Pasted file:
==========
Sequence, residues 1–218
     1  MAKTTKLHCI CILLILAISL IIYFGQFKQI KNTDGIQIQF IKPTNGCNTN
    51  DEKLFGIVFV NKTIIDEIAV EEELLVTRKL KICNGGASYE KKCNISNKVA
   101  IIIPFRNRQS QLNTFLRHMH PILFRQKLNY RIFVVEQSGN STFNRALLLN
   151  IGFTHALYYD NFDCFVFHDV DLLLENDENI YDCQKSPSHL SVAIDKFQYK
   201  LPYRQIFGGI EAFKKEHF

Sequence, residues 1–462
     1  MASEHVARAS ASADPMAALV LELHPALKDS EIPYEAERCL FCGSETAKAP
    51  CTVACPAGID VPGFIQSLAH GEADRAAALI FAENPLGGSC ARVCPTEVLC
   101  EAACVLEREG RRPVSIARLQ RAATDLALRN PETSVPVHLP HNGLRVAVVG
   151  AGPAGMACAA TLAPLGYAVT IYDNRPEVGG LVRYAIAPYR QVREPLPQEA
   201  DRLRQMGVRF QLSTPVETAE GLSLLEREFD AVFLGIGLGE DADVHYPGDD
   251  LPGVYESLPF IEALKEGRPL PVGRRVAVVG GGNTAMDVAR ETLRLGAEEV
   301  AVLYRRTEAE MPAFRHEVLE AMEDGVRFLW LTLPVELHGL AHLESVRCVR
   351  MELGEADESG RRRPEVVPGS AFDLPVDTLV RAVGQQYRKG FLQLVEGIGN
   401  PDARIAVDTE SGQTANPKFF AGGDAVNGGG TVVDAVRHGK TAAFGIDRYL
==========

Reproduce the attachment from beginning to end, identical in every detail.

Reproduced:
Sequence, residues 1–218
     1  MAKTTKLHCI CILLILAISL IIYFGQFKQI KNTDGIQIQF IKPTNGCNTN
    51  DEKLFGIVFV NKTIIDEIAV EEELLVTRKL KICNGGASYE KKCNISNKVA
   101  IIIPFRNRQS QLNTFLRHMH PILFRQKLNY RIFVVEQSGN STFNRALLLN
   151  IGFTHALYYD NFDCFVFHDV DLLLENDENI YDCQKSPSHL SVAIDKFQYK
   201  LPYRQIFGGI EAFKKEHF

Sequence, residues 1–462
     1  MASEHVARAS ASADPMAALV LELHPALKDS EIPYEAERCL FCGSETAKAP
    51  CTVACPAGID VPGFIQSLAH GEADRAAALI FAENPLGGSC ARVCPTEVLC
   101  EAACVLEREG RRPVSIARLQ RAATDLALRN PETSVPVHLP HNGLRVAVVG
   151  AGPAGMACAA TLAPLGYAVT IYDNRPEVGG LVRYAIAPYR QVREPLPQEA
   201  DRLRQMGVRF QLSTPVETAE GLSLLEREFD AVFLGIGLGE DADVHYPGDD
   251  LPGVYESLPF IEALKEGRPL PVGRRVAVVG GGNTAMDVAR ETLRLGAEEV
   301  AVLYRRTEAE MPAFRHEVLE AMEDGVRFLW LTLPVELHGL AHLESVRCVR
   351  MELGEADESG RRRPEVVPGS AFDLPVDTLV RAVGQQYRKG FLQLVEGIGN
   401  PDARIAVDTE SGQTANPKFF AGGDAVNGGG TVVDAVRHGK TAAFGIDRYL